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The Biophysicist Article Types

The Biophysicist accepts articles in a variety of formats. Learn more about the different article types below.

Research Articles

Novel Learning and Teaching Approaches: These articles include new methods of teaching experimental and theoretical biophysics at the molecular, cellular, and systems levels. Articles and tutorials describing novel approaches to the teaching of specific subject matter, active learning methods, assessment techniques, or curricular design will provide insights into the intellectual infrastructure in the field. This helps ensure that biophysics-related biology, chemistry, engineering, or physics topics can be taught effectively. Scholarly articles on the intellectual history of biophysics or on the scientific impact of key biophysics papers are also welcomed, but they should include discussion of their use in teaching and learning biophysics. Novel research findings per se, should be submitted to research journals, such as Biophysical Journal.

Laboratory and Computational Teaching Tools: Articles that outline new research technologies, approaches, and internet-based resource collections, including in-vivo, chemical, physical, and computational studies, with an emphasis on assessments of student learning needs and/or the impact of such teaching tools on biophysics learning. These can include videos, computer simulations, programs, or interactive online resources.

Research-based Studies of Student Learning: Studies of innovative problem-solving approaches, exploratory or "flipped" instruction, as well as curricular units that have been reformulated to improve their effectiveness in facilitating learning or addressing student misconceptions.

Biophysics Learning Perspectives: Mini-reviews and tutorials that pedagogically survey a subfield of contemporary biophysics (e.g., single-molecule spectroscopy, mechanobiology, protein folding dynamics and structure, macromolecular interactions). The Perspectives will be geared towards the learning of fields by relative novices and must include discussion of their place in the biophysics curriculum, as well as guidance on how the article can be used in the classroom. Reviews aimed at researchers should be submitted to the appropriate research journals.

Adapted Research Articles: APL (Adaptation of Primary Literature) allows beginners in a field to comprehend fundamental research papers of important impact using condensation, definition of terms, and inclusion of extended "boxes" depicting the chemical, biological, mathematical, experimental, or physical background needed to properly understand key concepts. The papers can be written by the original authors or by others (with appropriate permissions obtained for quoting text, figures etc.).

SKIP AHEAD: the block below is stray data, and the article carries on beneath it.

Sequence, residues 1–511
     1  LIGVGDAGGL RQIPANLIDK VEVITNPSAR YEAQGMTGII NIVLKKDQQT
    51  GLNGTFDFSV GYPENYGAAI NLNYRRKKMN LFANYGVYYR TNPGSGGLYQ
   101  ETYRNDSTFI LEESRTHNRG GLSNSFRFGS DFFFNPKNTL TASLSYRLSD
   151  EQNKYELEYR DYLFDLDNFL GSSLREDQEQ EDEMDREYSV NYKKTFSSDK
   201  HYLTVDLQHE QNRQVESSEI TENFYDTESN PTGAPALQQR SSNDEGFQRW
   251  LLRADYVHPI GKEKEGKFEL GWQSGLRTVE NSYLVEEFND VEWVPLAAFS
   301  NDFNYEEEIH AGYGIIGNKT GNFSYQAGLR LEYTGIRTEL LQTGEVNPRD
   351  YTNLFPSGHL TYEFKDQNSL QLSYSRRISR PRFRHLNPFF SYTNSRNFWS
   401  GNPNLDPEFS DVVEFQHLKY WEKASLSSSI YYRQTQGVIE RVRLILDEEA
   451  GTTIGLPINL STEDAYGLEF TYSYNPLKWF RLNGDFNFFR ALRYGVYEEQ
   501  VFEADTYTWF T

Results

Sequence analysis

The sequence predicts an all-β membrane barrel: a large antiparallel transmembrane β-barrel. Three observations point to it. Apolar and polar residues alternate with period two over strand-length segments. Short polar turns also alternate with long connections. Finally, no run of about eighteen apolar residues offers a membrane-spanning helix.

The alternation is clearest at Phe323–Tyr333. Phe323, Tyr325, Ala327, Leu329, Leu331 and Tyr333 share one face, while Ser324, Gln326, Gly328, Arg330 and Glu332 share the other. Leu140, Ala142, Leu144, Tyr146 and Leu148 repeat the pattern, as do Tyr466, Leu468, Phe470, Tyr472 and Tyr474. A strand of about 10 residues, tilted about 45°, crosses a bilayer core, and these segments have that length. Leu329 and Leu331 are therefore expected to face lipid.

Biophysics and Related Disciplines: Reports highlight newsworthy information on the role of biophysics in related areas (e.g., chemistry, physics, biology, engineering, technology, and health) with a focus on recent advances that impact biophysics summarized from the scientific literature of those fields. These should be written at the level of an upper-level undergraduate student in biophysics.

Biophysics in Society: Reports of activities in the biophysics community in both academia and industry that focus on careers, graduate student mentoring, postdoc searches, and mentoring of faculty in teaching institutions. Accounts of activities aimed at outreach (K-12, general community), diversity and inclusion, and best educational practices.

Student Forum: Contributions from students and postdoctoral trainees on issues important to them to provide their unique perspective on biophysics and the current state of scientific training. Examples include: lessons from TA experiences, suggestions for alternative approaches to the teaching of biophysics and related disciplines, suggestions for new mentoring and career development topics, scientific activities of BPS Student Chapters. These can range from a few paragraphs to half a journal page. More extensive treatments can be submitted as a Report (1–2 journal pages and assessed by an Editorial Board member) or, if appropriate, as a research-based manuscript that is a peer reviewed Article as defined above.

Book Reviews and Comments: Book reviews of textbooks or other educational publications. Research monographs per se, are best reviewed in other publications. Short notes on articles that have previously been published in The Biophysicist.

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